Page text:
Thursday, May 05, 2005

Christopher Hitchens Overreaches on Leo Strauss

According to Christopher Hitchens, Leo Strauss, the late Jewish scholar of political philosophy, was a conservative who like Ayn Rand was an unbeliever or nonbeliever. While Rand was quite explicit about her atheism, Strauss explicitly criticized the grounds of modern atheism.

Consider these excerpts from a lecture he gave in the early fifties.

Now I have to say a few words about the present-day argument. The present-day argument in favor of philosophy , we can say, is practically non-existent because of the disintegration of philosophy. ... I shall not waste words on the most popular argument which is taken from the needs of present-day civilization, the present-day crisis, which would simply amout to this: that we need today, in order to compete with communism, revelation as a myth. Now this argument is either stupid or blasphemous. I think this whole argument has been disposed of in advance a long time ago by Dostoievsky in The Possessed. ...

Now there is today, I believe, still a very common view, common to nineteenth and twentieth century freethinkers, that modern science and historical criticism have refuted revelation. Now I would say that they have not even refuted the most fundamentalistic orthodoxy. ... The Bible speaks of creation; creation is a miracle, the miracle. All the evidence supplied by geology, paleontology, etc., is valid against the Bible only on the premise that no miracle intervened. The freethinking argument is really based on poor thinking. It begs the question. ...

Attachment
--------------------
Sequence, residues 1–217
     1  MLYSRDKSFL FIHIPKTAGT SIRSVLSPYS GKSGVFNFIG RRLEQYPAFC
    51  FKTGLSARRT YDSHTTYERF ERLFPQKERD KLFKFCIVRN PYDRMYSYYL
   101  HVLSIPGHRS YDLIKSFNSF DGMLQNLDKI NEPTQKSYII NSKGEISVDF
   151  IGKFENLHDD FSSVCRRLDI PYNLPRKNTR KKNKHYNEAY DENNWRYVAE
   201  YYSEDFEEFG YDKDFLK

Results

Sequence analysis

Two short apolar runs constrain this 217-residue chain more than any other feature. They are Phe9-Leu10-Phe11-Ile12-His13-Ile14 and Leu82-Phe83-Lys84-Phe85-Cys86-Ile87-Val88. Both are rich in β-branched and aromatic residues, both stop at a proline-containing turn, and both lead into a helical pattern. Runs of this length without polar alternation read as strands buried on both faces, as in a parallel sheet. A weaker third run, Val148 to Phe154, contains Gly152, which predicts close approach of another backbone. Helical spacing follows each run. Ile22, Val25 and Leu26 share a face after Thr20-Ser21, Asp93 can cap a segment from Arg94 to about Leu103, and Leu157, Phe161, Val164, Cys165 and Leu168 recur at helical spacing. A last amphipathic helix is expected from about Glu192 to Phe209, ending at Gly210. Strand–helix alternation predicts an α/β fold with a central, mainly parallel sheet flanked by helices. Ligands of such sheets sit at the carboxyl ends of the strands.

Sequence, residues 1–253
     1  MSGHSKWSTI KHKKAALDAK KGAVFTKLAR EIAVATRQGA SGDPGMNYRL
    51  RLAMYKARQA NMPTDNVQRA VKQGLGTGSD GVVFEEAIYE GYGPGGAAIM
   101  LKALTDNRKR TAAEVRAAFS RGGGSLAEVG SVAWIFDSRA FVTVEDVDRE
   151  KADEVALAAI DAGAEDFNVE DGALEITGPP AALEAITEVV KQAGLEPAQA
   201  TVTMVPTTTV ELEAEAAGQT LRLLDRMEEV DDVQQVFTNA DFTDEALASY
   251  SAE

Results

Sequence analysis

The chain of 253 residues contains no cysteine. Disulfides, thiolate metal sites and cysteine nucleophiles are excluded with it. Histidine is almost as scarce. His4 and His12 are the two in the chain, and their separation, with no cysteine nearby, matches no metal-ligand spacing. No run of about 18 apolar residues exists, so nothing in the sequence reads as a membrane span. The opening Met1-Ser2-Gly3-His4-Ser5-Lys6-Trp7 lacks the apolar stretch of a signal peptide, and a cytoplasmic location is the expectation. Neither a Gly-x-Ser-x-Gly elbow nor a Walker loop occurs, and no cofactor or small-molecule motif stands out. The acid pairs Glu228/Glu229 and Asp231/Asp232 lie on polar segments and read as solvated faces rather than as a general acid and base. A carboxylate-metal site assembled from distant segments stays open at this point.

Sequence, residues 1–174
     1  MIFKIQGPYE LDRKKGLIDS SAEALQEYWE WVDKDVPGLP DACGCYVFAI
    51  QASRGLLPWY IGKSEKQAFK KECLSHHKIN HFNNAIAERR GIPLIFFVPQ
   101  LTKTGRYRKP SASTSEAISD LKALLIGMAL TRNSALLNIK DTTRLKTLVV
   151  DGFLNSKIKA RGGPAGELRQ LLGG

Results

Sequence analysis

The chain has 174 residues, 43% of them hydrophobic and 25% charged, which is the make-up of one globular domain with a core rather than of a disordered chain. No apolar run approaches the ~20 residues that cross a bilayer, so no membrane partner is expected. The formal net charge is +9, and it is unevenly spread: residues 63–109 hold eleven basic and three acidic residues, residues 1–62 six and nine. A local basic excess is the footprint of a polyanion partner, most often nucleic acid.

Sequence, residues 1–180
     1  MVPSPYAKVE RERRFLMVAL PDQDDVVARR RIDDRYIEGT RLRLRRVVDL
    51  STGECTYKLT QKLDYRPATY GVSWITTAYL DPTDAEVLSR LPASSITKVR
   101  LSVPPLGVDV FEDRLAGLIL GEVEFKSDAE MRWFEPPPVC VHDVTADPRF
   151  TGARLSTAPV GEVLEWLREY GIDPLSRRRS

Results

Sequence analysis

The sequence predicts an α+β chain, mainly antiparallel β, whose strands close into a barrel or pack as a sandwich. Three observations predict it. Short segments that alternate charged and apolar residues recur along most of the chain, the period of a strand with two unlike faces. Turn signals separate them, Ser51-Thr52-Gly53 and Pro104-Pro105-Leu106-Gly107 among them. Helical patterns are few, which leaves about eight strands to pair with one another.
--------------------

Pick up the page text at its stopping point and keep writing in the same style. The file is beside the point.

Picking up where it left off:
If one can say colloquially, the philosophers have never refuted revelation and the theologians have never refuted philosophy, that would sound plausible, considering the enormous difficulty of the problem from any point of view. And to that extent we may be said to have said something trivial; but to show that it is not quite trivial, I submit to you this consideration in conclusion. And here when I use the term philosphy, I use it in the common and vague sense of the term where it includes any rational orientation in the world, including science and what have you, common sense. If this is so, philosophy must admit the possibility of revelation. Now that means that philosophy itself is possibly not the right way of life. It is not necessarily the right way of life, not evidently the right way of life, because this possibility of revelation exists. But what then does the choice of philosophy mean under these conditions? In this case, the choice of philosophy is based on faith. In other words, the quest for evident knowledge rests itself on an unevident premise. And it seems to me that this difficulty underlies all present-day philosophizing.

The Mutual Influence of Theology and Philosophy.

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